Future pope Joseph Ratzinger "did not attend Hitler Youth meetings", his brother Monsignor Georg Ratzinger, says, and his family suffered economically as a result.
In an interview by Andrea Tornielli for the Italian newspaper Il Giornale, Monsignor Ratzinger revealed several unknown details from the pope's childhood, Catholic News Agency reports.
After noting that their father considered Nazism to be "a catastrophe and not only the great enemy of the Church but also of all faiths and of human life in general," Monsignor Ratzinger said he and his brother were forced to join the Hitler Youth because "the State ordered all school age kids, according to their age, to be signed up for certain youth groups."
"When it was obligatory, we were registered as a block. There was no freedom to choose, and not showing up would have brought very negative consequences."
He said his brother Joseph "did not attend the meetings" and that "brought economic harm to my family because by not doing so we could not receive the discounts for school tuition."
Monsignor Ratzinger said World War II was a difficult period for the family. "We had a ticket to buy the monthly rations, which were simply generic items such as sugar, butter, oil and a little bit of meat."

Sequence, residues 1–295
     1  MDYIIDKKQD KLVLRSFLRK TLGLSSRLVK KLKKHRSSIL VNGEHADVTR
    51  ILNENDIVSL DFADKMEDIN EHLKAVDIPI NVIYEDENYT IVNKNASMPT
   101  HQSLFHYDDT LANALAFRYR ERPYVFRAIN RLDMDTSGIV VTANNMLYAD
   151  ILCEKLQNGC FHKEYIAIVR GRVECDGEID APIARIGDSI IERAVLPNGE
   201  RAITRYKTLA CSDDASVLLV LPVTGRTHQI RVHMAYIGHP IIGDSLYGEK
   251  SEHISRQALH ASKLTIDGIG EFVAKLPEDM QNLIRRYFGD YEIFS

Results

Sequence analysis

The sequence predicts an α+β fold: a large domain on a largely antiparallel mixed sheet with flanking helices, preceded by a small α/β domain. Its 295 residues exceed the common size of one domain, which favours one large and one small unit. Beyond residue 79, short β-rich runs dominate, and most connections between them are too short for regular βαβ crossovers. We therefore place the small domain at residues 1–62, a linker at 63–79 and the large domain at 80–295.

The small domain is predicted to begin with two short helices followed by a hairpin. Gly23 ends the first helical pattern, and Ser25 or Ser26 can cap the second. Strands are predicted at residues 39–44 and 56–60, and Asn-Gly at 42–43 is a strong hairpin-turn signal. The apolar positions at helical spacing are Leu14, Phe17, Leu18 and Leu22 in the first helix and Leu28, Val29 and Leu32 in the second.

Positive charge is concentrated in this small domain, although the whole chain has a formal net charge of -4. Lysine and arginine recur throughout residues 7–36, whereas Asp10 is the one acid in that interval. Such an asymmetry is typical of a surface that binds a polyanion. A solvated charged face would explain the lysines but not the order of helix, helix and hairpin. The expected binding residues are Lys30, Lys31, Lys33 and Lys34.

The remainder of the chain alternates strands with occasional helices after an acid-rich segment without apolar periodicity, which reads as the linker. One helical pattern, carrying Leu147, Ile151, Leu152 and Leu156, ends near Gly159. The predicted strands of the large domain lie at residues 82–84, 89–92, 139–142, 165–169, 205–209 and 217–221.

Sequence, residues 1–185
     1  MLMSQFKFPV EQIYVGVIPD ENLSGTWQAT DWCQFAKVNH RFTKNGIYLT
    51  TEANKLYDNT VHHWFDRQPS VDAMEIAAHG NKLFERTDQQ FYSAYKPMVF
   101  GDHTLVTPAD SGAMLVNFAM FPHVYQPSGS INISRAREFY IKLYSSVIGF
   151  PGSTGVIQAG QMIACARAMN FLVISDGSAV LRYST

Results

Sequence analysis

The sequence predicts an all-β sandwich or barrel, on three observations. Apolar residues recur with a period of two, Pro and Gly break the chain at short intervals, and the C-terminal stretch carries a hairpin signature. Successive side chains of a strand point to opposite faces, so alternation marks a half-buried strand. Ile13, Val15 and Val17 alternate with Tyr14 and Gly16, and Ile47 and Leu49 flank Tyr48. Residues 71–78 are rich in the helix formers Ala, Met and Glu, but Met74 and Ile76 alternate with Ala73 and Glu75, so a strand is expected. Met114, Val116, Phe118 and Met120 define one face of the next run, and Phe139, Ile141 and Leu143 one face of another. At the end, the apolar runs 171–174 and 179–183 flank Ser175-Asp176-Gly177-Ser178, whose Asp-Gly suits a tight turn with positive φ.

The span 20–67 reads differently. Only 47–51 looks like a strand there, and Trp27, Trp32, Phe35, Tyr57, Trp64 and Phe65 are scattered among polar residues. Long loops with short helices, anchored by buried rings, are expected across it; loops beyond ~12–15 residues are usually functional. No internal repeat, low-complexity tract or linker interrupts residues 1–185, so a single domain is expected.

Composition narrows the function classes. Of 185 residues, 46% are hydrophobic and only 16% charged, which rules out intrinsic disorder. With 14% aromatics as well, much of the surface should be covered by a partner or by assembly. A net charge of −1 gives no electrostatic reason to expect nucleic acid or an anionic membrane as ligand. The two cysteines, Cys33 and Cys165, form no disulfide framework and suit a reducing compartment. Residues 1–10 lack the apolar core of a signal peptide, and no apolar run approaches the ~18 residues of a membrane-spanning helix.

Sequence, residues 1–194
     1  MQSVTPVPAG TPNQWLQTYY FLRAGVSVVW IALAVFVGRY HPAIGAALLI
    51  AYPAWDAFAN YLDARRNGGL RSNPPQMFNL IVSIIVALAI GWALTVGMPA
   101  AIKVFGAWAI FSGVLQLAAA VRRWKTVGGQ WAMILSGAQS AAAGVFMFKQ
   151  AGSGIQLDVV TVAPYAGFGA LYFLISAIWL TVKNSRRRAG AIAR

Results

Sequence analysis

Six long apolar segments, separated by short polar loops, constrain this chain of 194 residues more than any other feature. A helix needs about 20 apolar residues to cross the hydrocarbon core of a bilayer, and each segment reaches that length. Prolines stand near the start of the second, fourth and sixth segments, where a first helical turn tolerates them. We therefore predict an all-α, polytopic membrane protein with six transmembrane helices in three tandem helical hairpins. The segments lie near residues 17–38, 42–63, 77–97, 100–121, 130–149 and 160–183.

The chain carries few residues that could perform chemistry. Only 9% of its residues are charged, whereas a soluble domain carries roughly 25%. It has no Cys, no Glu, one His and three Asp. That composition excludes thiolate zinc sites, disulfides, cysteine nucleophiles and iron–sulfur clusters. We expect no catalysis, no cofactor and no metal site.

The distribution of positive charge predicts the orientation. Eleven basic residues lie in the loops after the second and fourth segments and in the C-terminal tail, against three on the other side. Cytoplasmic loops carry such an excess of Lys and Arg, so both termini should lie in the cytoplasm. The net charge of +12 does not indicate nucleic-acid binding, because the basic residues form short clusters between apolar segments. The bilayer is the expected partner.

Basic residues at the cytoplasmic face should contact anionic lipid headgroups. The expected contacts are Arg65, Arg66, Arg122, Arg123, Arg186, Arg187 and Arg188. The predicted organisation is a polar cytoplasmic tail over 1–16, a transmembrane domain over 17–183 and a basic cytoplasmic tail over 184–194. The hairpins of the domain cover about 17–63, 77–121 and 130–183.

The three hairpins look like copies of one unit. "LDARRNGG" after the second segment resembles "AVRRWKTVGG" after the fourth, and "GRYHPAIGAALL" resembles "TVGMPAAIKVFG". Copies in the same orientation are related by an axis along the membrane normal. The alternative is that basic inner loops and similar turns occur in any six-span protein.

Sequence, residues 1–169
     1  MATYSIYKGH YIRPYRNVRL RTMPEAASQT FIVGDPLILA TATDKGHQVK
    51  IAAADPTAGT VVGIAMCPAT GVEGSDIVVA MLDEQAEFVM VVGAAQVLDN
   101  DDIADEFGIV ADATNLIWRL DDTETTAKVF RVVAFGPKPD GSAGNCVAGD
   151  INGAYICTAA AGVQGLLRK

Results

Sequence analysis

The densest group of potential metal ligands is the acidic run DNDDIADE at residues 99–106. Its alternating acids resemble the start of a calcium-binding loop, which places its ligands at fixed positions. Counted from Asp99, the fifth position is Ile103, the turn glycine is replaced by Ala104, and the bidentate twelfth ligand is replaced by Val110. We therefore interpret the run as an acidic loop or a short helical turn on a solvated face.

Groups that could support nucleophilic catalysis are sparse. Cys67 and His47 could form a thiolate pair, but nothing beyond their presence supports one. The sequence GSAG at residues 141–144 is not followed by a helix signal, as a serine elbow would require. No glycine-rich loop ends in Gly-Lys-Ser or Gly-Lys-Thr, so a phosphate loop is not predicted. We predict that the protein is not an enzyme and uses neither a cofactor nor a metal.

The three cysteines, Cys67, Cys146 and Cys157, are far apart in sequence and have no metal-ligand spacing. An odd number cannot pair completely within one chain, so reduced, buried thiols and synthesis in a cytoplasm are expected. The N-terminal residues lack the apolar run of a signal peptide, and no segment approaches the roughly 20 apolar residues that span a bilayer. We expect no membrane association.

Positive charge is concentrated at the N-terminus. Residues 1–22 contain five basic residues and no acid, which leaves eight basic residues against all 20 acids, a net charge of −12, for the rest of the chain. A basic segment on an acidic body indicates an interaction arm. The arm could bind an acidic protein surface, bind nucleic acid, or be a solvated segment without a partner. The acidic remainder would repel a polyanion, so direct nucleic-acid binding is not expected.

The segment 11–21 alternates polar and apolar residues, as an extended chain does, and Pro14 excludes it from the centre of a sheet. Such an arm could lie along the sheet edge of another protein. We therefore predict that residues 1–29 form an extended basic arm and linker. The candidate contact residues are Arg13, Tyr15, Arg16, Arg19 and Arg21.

He also touched on military service: "My brother was called shortly after me. We had objectives and ideals that were contrary to those of Hitler, but it was our duty as soldiers. We didn't know when the war would end."
During the interview in Ratisbonne, Germany, Monsignor Ratzinger said his brother was "a lively child, but not an earthquake. I remember him as always being joyful. From the time he showed a great sensitivity to animals, flowers and in general to all nature. Perhaps that's why he was always given pets as Christmas gifts. His care for nature and for living beings was characteristic of him."
Speaking later about their family, Monsignor Ratzinger said his family was "very united" and his father was a "police commissioner who came from an old family of farmers from lower Bavaria. My mother was a daughter of artisans, and before getting married she had worked as a cook. When it was possible, as kids we went to daily Mass."
He said that both were altar boys and that their vocations became clear early on, "first to me and then to him." "At Tittmoning, Joseph received Confirmation from Cardinal Michael Faulhaber, the great Archbishop of Munich. He was amazed and said he would like to become a cardinal. But just a few days later, while watching a painter who was painting the walls of our house, he said he wanted to be a painter when he grew up too."
Monsignor Ratzinger also noted that long before he was elected Joseph Ratzinger had signalled that he thought that Benedict would be a good name for a Pope.
"Some years ago my brother told me, 'Benedict would be a good name for a new Pope.' Now he doesn't remember having said it, but I very much do."
Pope's brother reveals unknown details of Benedict XVI's life (Catholic News Agency, 30/9/08)